Human tuberculosis granulomas as targets for host-directed therapies and prediction of disease progression
University of Cape Town
Tuberculosis (TB) is a bacterial disease that is responsible for 1.5 million deaths every year. The problem is worsened by increasing numbers of patients responding poorly to current standard treatment. There is an urgent need for new treatment and diagnostic tools. TB disease progression is characterised by a combination of bacterial growth and immune-mediated lung damage. Typically, lung damage is characterised by dissociation of granulomas, which are complex cellular structures that restrict bacteria. However, granulomas can develop caseum, a key feature of lung damage. Inhibition of factors associated with granuloma caseation presents an attractive area for discovery of drugs that can limit tissue destruction.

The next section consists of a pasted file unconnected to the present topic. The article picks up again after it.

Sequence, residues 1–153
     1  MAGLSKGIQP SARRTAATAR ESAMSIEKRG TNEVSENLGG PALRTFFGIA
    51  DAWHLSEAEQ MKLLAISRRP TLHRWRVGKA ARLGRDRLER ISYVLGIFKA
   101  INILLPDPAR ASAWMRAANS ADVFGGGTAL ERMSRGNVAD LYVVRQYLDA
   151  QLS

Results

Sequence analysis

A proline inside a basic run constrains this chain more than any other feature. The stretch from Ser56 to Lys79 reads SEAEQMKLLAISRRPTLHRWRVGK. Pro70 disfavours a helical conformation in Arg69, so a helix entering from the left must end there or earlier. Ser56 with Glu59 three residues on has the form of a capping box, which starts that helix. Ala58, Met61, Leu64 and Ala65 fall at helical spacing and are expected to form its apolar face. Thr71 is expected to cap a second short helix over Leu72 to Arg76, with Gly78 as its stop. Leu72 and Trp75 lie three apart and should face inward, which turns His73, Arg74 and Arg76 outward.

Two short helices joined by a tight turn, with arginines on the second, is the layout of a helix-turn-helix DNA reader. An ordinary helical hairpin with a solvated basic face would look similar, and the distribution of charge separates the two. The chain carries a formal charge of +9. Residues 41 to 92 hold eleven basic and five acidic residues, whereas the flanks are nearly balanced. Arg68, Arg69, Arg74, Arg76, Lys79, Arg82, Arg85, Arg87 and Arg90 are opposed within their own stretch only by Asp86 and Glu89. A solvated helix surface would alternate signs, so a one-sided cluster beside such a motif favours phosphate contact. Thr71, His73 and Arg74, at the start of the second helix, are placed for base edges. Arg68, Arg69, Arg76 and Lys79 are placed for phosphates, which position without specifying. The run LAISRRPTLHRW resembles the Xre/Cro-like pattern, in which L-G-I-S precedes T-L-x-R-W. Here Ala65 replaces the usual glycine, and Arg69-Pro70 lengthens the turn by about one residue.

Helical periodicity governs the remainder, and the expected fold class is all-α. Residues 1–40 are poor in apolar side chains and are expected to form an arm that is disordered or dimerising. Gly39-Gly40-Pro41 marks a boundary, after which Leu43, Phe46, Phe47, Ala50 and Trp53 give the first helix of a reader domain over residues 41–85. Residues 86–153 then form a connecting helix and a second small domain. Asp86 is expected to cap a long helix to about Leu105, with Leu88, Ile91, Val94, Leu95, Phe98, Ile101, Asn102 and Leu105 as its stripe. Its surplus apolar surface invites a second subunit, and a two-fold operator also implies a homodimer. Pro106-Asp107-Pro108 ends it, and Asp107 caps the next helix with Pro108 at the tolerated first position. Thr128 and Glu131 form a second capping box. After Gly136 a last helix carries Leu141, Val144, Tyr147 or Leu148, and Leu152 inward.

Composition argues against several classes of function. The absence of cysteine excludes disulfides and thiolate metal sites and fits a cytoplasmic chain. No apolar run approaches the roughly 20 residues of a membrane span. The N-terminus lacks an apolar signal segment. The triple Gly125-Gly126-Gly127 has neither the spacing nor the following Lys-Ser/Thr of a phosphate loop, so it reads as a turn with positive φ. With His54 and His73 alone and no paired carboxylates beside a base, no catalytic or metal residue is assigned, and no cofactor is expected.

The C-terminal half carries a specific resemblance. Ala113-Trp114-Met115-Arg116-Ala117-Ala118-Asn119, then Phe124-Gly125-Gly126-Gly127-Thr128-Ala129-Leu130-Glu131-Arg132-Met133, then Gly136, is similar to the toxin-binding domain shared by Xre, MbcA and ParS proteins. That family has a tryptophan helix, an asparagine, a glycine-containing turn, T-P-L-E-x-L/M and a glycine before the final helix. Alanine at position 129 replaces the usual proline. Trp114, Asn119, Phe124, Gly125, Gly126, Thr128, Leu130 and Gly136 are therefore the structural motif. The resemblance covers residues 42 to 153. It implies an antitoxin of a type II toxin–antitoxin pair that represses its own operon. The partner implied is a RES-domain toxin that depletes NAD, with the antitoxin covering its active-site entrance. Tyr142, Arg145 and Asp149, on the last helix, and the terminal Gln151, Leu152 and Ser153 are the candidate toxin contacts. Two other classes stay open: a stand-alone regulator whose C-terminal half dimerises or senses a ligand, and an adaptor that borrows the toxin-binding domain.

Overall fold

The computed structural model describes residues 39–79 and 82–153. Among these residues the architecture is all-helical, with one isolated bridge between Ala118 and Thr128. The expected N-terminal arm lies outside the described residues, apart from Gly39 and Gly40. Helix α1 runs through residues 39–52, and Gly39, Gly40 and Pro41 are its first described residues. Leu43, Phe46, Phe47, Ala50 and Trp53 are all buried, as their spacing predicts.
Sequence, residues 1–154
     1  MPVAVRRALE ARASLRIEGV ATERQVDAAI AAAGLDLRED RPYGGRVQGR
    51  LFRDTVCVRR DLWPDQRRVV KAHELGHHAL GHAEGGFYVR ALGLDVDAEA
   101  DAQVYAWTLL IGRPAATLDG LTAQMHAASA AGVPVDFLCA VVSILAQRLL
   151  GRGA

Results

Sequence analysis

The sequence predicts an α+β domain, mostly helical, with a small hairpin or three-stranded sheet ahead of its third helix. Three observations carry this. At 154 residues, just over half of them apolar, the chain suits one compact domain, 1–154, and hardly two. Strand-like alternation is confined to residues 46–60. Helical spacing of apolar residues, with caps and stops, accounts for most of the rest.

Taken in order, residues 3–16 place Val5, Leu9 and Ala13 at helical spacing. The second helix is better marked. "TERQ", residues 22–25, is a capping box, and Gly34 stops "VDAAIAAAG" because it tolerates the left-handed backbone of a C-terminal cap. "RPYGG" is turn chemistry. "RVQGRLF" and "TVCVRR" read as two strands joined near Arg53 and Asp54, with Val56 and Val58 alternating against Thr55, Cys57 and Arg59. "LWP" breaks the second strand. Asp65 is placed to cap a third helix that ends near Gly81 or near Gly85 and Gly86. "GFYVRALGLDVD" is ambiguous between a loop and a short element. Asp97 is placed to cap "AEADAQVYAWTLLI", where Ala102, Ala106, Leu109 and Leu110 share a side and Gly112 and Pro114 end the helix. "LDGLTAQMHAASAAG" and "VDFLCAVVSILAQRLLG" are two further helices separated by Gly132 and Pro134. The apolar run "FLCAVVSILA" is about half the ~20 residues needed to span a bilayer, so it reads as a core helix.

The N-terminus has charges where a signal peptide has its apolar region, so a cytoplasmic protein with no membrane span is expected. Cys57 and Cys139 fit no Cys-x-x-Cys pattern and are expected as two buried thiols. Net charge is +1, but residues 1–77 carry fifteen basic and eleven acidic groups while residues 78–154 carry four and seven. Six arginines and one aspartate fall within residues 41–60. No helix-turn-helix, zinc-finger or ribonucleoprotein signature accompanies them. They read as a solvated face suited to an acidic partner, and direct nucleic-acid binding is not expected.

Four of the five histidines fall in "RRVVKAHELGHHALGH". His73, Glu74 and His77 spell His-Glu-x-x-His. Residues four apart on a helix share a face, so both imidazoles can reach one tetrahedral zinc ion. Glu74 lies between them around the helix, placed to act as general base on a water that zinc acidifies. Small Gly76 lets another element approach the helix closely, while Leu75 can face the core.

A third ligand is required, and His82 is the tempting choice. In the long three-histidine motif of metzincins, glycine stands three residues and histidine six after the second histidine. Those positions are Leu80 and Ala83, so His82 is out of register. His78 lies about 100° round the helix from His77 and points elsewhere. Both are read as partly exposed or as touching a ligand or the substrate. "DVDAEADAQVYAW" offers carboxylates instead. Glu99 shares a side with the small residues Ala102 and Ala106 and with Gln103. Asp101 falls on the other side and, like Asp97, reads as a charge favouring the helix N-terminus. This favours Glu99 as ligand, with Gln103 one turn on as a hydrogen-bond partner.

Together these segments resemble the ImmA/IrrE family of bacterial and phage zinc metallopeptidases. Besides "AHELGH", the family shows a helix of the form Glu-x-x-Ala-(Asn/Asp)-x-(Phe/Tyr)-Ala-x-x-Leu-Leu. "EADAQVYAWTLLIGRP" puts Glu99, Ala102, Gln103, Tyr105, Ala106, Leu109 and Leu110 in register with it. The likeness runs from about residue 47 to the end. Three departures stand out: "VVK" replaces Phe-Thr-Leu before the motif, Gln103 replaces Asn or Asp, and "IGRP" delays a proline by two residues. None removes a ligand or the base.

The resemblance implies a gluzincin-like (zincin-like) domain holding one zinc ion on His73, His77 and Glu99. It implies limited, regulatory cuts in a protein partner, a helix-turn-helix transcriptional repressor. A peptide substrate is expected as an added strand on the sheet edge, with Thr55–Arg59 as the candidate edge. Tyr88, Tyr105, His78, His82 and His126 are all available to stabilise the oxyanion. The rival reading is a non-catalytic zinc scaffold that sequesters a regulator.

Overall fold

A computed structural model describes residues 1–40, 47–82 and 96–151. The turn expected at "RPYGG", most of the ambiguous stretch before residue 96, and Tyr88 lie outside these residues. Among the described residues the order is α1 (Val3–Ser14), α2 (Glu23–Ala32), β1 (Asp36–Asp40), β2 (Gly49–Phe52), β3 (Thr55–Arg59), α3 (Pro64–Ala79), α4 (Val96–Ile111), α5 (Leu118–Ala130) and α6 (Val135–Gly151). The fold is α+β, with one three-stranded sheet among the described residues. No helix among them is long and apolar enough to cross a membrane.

In our recent work, we demonstrated that proteomics can be used to determine events that shape a TB granuloma. We also found that important factors required for TB granuloma development are regionally distributed, with pro-inflammatory proteins enriched in the caseum. We will investigate proteins that are associated with caseum formation and tissue damage and develop host-directed therapies to decrease the damage. We will also characterise macrophage functional diversity in granulomas and develop predictive biomarkers that can be used to diagnose those at highest risk for caseation.
Our findings will help improve TB treatments.
This grant was awarded under the scheme's previous name of Intermediate Fellowships in Public Health and Tropical Medicine.